Posted on July 25, 2016 by staff

Civil Service “over-committed” to digital projects


The Government needs to recruit 2,800 staff to meet demand for digital skills over the next five years.

National Audit Office chief Amyas Morse said the Civil Service is “over-committed” due to £405billion of major projects being currently underway.

He said a “digital capability” gap will cost hundreds of millions of pounds to address.

Morse said: “When it comes to skills, today’s civil service needs people who can carry out highly technical projects with large digital and behavioural change components.

“Government needs to find around 2,800 staff with the digital skills to undertake its digital change projects over the next five years.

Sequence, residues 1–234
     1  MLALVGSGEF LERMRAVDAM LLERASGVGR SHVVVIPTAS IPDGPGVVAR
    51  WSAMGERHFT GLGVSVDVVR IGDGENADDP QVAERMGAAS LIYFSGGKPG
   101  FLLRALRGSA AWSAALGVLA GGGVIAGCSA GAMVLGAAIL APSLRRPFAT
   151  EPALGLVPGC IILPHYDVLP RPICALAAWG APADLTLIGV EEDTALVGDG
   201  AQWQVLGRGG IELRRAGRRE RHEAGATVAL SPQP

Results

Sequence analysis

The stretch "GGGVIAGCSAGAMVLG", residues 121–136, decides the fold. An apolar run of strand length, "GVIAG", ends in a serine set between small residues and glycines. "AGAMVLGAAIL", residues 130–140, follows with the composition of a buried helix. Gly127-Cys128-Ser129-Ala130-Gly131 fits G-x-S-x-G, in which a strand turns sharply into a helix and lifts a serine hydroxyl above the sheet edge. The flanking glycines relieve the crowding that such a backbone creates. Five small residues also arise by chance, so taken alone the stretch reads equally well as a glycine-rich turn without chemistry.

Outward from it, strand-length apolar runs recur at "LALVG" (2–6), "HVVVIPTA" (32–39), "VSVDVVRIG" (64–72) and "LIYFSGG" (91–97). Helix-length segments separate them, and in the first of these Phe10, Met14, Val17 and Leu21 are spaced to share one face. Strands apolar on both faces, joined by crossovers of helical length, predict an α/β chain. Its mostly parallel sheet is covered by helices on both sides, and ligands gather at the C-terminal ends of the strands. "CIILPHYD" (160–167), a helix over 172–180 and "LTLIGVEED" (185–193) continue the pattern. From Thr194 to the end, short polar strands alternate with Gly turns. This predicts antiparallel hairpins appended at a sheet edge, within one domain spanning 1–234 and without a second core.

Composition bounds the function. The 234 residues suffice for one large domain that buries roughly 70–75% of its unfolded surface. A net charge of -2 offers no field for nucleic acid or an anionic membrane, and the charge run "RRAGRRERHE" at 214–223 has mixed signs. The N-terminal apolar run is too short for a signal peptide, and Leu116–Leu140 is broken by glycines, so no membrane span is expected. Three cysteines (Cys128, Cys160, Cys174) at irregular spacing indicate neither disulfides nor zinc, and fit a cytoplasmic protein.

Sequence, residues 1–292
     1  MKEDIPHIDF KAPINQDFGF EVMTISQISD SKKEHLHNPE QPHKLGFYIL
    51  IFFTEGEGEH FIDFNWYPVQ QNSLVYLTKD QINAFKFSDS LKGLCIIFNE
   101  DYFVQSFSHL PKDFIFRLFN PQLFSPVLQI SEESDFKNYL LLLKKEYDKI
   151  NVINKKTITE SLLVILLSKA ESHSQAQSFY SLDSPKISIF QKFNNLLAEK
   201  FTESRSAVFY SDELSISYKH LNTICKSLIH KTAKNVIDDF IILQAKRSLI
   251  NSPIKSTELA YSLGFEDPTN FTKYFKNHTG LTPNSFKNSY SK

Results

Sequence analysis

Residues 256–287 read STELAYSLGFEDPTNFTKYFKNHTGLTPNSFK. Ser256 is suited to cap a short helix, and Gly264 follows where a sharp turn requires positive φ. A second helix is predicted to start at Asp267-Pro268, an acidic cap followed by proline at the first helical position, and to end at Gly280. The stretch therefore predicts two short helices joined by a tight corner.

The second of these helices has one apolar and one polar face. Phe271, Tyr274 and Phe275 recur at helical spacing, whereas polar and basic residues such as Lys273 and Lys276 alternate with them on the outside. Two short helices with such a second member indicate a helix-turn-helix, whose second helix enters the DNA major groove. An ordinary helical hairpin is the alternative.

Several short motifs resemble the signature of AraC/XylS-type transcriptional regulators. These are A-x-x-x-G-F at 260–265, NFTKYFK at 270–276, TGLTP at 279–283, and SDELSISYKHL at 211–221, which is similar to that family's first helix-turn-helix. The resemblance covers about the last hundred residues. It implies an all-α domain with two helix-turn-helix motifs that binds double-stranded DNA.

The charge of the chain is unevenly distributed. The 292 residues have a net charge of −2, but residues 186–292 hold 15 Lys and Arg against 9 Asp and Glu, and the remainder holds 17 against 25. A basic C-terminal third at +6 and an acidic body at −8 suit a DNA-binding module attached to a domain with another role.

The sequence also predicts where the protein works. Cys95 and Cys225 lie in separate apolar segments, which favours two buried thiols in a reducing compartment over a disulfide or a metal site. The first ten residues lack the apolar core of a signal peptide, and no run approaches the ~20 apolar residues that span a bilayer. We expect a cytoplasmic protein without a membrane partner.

“If Government managed to employ all of the digital specialists required as permanent civil servants, it would cost £213m to fill the gap.

“And it would be roughly double that in contract labour.”

There is a wider skills gap in tech, but conversely Computer Science graduates are the nation’s most under-employed.

Morse has called on the Government to cut back on the number of major projects and to prioritise which need to be completed – especially with the extra workload ahead from negotiating the UK’s exit from the European Union.

Morse added: “If we are over-committed, we need to lighten the load – and that means stopping doing things. This can be done by not adding projects, or by cancelling existing ones.

“Prioritising is about making these choices intelligently. So we need to know how much scarce resource would be released by a particular decision and what consequences that decision would have elsewhere.

“Departments should routinely keep track of these priorities and recognise wider government needs when called on.”

The Government upped its spending on tech in a bid to fight the dearth of available talent in the sector.

The CEO of a major tech hub told BusinessCloud recently that his wife told him to stop moaning and do something about fixing the UK’s skills gap.

Below: North East experts discuss skills gap